Do you ever struggle to put your cat in a crate? Teaching your cat to enjoy being in the carrier can help reduce the fear of travelling.
A cat carrier is a safe way to transport your cat, yet most cats perceive it as a fearful experience. When stressed, some cats become more vocal and hyperactive, while others may freeze, depending on their personality and coping strategy. Learning to recognise a cat’s fear body language (link) can help you to be a more prepared pet owner. With the correct setup, handling and teaching, cats can actually learn to enjoy their experience in the crate and during travelling.
Here is a checklist to create a safe haven in the crate for your beloved cat:
[ ] The ideal crate has 2 exit points: at the front and on top. It contains a perch that clips to the base and the perch is removable. Some crates use screws to secure the perch. Make sure they are free of rust and removable. Example
[ ] Comfortable bedding in the crate, such as a towel, a fluffy mat, or bedding your cat already loves
[ ] Keep the crate out in a private and safe (even surface that does not create noise, or is not easily fall off) location all the time and take the door off. The purpose is to make it a “safe haven” and accessible for your cat all the time. This allows your cat to interact with the carrier voluntarily and the learning method is called desensitisation.
[ ] Use a calming pheromone ”Feliway” spray that soothes anxious cats. Spray 8-10 sprays on the bedding 10-15 minutes before the cat goes in. The effects last about 2 hours after spraying.
[ ] Lure your cat inside the crate by using food (meals) and treats. You can begin by scattering food around and in the crate. This allows the cat to learn that whenever they interact with the carrier, good things happen. For fearful cats or cats who had previous negative experiences with the carrier, place food outside, but near the crate and bring it closer to encourage them to peacefully eat near – and eventually inside-the crate. This learning method is called operant conditioning.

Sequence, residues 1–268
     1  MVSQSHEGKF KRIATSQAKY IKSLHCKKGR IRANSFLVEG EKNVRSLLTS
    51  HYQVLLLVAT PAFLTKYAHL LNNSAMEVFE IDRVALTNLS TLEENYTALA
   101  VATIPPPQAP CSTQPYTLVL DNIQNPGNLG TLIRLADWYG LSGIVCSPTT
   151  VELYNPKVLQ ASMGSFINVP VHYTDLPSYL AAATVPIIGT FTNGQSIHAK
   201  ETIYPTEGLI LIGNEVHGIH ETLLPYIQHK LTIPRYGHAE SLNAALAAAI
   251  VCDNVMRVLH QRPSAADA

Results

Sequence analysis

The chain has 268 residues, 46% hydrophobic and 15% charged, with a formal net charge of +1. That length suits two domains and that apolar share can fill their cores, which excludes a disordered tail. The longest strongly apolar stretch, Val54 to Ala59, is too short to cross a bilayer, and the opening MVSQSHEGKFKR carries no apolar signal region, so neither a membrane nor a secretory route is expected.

[ ] Practice daily to make this a new habit or daily routine. This will reduce fear of the carrier significantly.
[ ] Take your time. Never force your cat to go inside. Spend weeks or even months creating this safe haven for your cat.
[ ] Introduce a cue to ask your cat to walk into the carrier such as “in your crate” or “inside”. Reward your cat for walking in the carrier. This will become a fun game for the cat!
[ ] When your cat is not hesitant or fearful of the crate, shut the door for short periods of time and reward the cat with treats, or give a long-lasting stuffed food puzzle inside the carrier for them to focus on.
[ ] Place the carrier in a higher location, like on furniture or on top of a shelf, most cats like being up high rather than on the ground.
Now your cat should love being in the carrier. We can then progress the training in a different context: the very scary car!
[ ] When you move the carrier, hold it with both hands and lift the weight evenly and carefully without jostling or bumping in the way you could carry a fragile present.
[ ] Ask your cat to go inside and place the carrier in the car without starting the car. Allow your cat to learn this is still a safe haven in a different context.
[ ] When travelling, cover the carrier with a towel on the outside to keep cats from spotting scary things happening around them.